Some of the questions that any marketing team from a pharmaceutical company needs to answer is ‘How differentiated is our product’. A single condition or a disease can be treated through multiple therapies. Obviously, the magnitude of therapies is growing, as new molecules are discovered for conditions, that were untreatable in the past. But also new types of Therapies are coming into the game, from behavioral changes such as diets, physical exercise, and sleep schedules, to digital applications which become more and more “prescribable”. Additionally, the “old” fight; proprietary vs. generic becomes more relevant, the more therapies are competing in the market. This leaves the brand with the questions of differentiation. Many such topics were discussed and reiterated at NextPharma’22 Summit.
Years ago, when I used to be a young Global Marketing Excellence guy at Solvay Pharmaceuticals, I came across a principle which was presented back then by ZS Associates. Most likely they didn’t invent the principle, but I guess the name they gave it, is theirs. It was called Treatment Decision Process (TDP) and it is as simple as it is true. Summarized in one sentence it describes that different channel are good to communicate with different consumers, patient, payer or prescriber needs.
An example: When the main challenge for your brand is that not enough hospital doctors know how to diagnose the patient correctly, you should not invest strongly in marketing channels that are directed to a “brand choice” challenge, but focus on channels and tactics focusing on moving the behaviors of stakeholders who influence diagnosis.
This sounds super simple and no-brainer, right. However, we see a mismatch quite a lot in our consulting practice.
The first thing to choose the right channels though, is to understand the patient pathway through the healthcare system. You may want to call it Patient Flow, Customer Experience Mapping or simple Treatment Decision Process. In essence it’s all the same in different states of granularity.
Second is to capture the right drivers and barriers for those leverage points in the patient pathway. There are some “old” fashioned tools one can find with any brand team such as SWOT analysis. It’s an old concept, but quite powerful when done correctly. Unfortunately, a lot of teams don’t give enough attention to this process that looks easy on first sight but will make or break your strategic decision making when not done properly.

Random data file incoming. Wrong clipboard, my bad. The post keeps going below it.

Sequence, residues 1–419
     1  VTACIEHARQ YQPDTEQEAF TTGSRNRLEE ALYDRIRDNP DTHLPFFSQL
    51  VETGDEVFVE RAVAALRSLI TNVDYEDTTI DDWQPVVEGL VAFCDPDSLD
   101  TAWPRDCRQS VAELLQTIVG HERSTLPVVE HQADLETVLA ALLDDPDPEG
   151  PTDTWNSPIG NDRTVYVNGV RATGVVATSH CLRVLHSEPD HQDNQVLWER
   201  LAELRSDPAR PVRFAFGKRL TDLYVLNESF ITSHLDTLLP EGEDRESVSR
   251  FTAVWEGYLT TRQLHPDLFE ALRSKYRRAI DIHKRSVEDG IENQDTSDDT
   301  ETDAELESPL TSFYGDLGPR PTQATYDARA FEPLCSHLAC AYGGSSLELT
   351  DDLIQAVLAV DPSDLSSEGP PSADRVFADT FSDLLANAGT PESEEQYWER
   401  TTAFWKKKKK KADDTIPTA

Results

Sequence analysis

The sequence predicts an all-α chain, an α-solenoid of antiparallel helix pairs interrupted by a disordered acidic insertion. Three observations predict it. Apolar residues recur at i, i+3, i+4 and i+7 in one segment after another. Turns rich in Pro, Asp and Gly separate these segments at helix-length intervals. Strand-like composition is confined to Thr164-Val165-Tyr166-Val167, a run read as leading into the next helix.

At the NextPharma Summit ’22, one of the most discussed challenges was ‘OmniChannel Projects’, and I feel, that the 1st strong step towards mastering the OmniChannel miracle is understanding the customer needs and the market realities in and out and plan for all the impacts it can create.
Now, we fully understand that spending a lot of time on a SWOT exercise in the context of an annual brand planning duty isn’t the most attractive way to use precious brand team time. However, it’s worth doing it and there are much more powerful ways to come to extremely eye-opening results, even for brands that are in the market for long times.
We would call it Relative Competitive Analysis, you may call it Competitor Perception Analysis or else. Basically, this exercise can be done with any level of data availability, whether you are lucky and have market research data or you “only” have the expertise of your colleagues in your brand team. Some teams are doing it just as a Delphi Session within the brand team members and country representatives in the context of a co-creation workshop. You don’t need a lot for it.
Set-up an Excel-file that lists attributes such as “How easy is the drug to be administered”. Come up with a list of attributes that are relevant to your customers within your therapy area. On the top draw a scale, start with 0 to 10. And then score your product and all your competitor products against the respective attribute. The one question you need to keep always in mind when performing this exercise:
“How good are you relative to your competitor in the respective attribute, in the eyes of your customer?”
When you score all the attributes in your list from you and from your competitors’ standpoint, you’ll get a good feeling where your offer (brand, company, etc) has advantages (Strengths) and dis-advantages (Weaknesses). Now it’s time to open your SWOT grid in your brand planning template. After the exercise, the SWOT items are much more relevant and thoughtful, as they come from an analytic exercise and not from gut feeling.
Obviously, you can do this exercise in an Excel sheet. However, this becomes quite cumbersome, quickly. There are some tools out there that help you organize this analysis. The one showing the most flexibility and user experience would be Enavia’s Relative Competitive Analysis tool (www.enaviahub.com).
My team and I will be happy to support you in your Competitive Analytics and strategic decision making. Please reach out for a free consultation.
About the author:
Daniel Kohlstaedt is the Managing Director of PurpleLeaf Strategy, with almost 20 years of pharmaceutical commercial excellence experience. PurpleLeaf has created the a set of light tools to uncover the differentiation potential of any pharmaceutical brand in relation to its competitors, which sharpens the overall strategic decision making. All tools are cloud-based and can be simply integrated into the existing brand strategy development approach.
Contact us to learn how we can boost your strategic decisions.